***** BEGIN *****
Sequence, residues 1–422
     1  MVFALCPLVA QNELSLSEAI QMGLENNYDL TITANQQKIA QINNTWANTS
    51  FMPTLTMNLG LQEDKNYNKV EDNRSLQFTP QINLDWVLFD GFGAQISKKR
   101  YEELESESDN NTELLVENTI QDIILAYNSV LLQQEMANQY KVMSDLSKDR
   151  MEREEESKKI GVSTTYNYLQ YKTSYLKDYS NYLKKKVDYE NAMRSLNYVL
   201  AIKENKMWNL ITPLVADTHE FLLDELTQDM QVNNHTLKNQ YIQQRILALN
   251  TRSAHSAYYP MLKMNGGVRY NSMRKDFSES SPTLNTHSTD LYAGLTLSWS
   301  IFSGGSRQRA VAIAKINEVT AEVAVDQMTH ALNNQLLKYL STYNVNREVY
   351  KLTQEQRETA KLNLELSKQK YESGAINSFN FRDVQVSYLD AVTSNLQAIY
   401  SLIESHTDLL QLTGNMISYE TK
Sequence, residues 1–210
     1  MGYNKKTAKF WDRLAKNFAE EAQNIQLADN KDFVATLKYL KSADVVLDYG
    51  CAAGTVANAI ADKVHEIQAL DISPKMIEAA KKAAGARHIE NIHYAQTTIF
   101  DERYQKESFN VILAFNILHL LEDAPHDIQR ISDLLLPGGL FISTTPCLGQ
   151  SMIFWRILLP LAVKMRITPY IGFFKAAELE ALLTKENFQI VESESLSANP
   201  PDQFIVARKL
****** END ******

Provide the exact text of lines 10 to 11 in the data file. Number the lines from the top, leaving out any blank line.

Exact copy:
   401  SLIESHTDLL QLTGNMISYE TK
Sequence, residues 1–210